Artificial intelligence (AI) is one of those very interesting areas that could revolutionise our day-to-day lives, much as the internet did in the last century. Roseyna Jahangir, associate at Womble Bond Dickinson, looks at how regulation can keep up with its development.
As we stand on the threshold of the Fourth Industrial Revolution, the landscape ahead includes developments in areas such as blockchain, the internet of things, and nanotechnology: developments that are taking place at a faster rate than many of us are able to keep up with – or even easily comprehend.
The term AI is often used to refer to the development of computers, computer programs or applications that can, without direct human intervention, replicate processes that are traditionally considered to require a degree of intelligence, such as strategy, reasoning, decision-making, problem-solving and deduction processes.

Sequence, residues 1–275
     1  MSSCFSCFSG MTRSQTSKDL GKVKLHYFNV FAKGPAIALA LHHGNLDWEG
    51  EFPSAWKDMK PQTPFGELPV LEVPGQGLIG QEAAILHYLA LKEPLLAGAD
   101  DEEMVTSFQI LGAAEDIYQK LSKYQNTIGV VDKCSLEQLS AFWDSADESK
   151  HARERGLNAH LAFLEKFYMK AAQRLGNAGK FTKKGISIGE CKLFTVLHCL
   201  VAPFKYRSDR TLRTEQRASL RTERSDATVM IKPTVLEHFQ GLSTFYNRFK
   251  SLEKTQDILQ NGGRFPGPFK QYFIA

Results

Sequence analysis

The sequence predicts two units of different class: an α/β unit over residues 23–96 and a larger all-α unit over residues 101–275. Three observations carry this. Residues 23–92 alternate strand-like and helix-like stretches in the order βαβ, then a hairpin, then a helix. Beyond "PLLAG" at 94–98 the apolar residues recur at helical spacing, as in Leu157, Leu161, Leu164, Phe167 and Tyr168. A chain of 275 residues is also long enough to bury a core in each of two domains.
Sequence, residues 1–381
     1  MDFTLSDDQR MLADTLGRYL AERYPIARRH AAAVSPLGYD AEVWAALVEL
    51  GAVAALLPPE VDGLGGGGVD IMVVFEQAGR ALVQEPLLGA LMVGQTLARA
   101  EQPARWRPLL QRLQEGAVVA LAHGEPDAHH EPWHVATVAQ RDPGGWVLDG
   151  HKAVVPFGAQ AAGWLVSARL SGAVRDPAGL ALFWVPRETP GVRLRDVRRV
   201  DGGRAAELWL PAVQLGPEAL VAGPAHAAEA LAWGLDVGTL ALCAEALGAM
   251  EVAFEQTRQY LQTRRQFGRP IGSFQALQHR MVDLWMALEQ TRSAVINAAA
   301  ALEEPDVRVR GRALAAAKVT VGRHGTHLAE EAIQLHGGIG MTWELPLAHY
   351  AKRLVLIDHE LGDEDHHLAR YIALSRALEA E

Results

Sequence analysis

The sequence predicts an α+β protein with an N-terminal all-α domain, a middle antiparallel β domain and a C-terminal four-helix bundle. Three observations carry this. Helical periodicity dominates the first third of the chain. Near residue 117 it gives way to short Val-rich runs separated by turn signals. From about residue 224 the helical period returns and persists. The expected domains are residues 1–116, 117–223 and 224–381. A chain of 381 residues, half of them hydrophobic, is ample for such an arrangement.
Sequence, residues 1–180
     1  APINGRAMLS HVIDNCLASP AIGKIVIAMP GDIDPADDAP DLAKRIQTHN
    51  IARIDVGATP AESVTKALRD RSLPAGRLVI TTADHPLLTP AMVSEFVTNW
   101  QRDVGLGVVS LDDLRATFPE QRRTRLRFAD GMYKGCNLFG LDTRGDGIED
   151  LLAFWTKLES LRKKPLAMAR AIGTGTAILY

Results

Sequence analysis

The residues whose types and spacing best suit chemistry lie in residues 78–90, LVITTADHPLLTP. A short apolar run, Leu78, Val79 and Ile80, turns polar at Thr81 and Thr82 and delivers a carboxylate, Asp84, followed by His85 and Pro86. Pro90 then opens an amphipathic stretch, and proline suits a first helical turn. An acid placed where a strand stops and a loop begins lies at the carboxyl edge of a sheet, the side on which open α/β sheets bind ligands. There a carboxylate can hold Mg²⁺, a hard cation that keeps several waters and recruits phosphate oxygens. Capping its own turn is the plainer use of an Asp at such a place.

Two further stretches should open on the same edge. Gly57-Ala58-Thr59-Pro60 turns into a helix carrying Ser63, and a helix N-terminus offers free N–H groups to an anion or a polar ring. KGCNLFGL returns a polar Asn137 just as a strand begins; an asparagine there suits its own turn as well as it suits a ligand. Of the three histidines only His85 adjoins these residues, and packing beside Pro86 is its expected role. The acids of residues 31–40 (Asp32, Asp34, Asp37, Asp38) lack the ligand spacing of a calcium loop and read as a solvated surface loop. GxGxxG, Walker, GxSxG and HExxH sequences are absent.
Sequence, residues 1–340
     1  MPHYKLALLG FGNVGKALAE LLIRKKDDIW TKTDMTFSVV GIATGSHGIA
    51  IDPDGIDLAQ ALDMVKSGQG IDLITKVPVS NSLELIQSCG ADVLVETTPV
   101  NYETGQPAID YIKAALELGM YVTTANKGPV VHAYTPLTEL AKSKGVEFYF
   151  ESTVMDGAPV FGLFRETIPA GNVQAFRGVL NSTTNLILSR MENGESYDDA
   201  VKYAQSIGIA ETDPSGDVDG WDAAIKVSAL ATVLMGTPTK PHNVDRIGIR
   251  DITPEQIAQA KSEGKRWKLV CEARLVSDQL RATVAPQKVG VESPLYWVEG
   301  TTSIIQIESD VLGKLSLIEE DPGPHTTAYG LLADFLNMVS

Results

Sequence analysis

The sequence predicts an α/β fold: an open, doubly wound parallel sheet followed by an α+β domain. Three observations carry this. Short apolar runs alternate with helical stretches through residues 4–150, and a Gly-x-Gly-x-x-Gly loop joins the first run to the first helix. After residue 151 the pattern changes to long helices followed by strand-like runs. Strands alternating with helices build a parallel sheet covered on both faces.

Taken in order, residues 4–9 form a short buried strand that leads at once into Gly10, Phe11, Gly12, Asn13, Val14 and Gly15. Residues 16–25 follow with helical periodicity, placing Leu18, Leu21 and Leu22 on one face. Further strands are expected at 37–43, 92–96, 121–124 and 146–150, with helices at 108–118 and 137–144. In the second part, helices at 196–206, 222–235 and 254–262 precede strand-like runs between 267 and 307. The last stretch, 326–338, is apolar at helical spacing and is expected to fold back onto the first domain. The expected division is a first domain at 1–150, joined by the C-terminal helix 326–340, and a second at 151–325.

For example, an AI program can use algorithms to analyse datasets, and make decisions and take actions based on the output of the analysis – an analysis that would traditional be done by a human.
AI programs can also be developed to interact with people in ways that mimic natural human interaction, for example in online customer service support – sometimes to such an extent that the difference is hard to recognise, known as the ‘uncanny valley’. Potentially, AI has the potential to supplant a great number of human processes, and it can do so cheaper, faster and without human error.
However, in practice the current applications and opportunities are much more limited and constrained by practical factors such as the sheer processing power that is required, especially pending a breakthrough in quantum computing, and ‘design’ limitations such as the inability to learn by extrapolating from limited failures, or to apply common sense to scenarios.
Is this development a good thing? AI can cut costs, eliminate human error, and potentially make products and services available to those who might not otherwise be able to access them. But what about the possible downsides?